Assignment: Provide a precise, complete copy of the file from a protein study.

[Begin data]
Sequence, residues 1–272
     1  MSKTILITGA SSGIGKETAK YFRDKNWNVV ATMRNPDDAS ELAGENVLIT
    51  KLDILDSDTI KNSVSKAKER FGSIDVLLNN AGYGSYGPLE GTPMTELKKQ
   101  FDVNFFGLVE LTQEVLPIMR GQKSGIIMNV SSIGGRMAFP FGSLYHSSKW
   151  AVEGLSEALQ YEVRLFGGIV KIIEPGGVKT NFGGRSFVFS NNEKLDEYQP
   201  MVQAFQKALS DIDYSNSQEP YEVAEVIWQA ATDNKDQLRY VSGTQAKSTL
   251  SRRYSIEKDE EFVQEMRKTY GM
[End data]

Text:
Sequence, residues 1–272
     1  MSKTILITGA SSGIGKETAK YFRDKNWNVV ATMRNPDDAS ELAGENVLIT
    51  KLDILDSDTI KNSVSKAKER FGSIDVLLNN AGYGSYGPLE GTPMTELKKQ
   101  FDVNFFGLVE LTQEVLPIMR GQKSGIIMNV SSIGGRMAFP FGSLYHSSKW
   151  AVEGLSEALQ YEVRLFGGIV KIIEPGGVKT NFGGRSFVFS NNEKLDEYQP
   201  MVQAFQKALS DIDYSNSQEP YEVAEVIWQA ATDNKDQLRY VSGTQAKSTL
   251  SRRYSIEKDE EFVQEMRKTY GM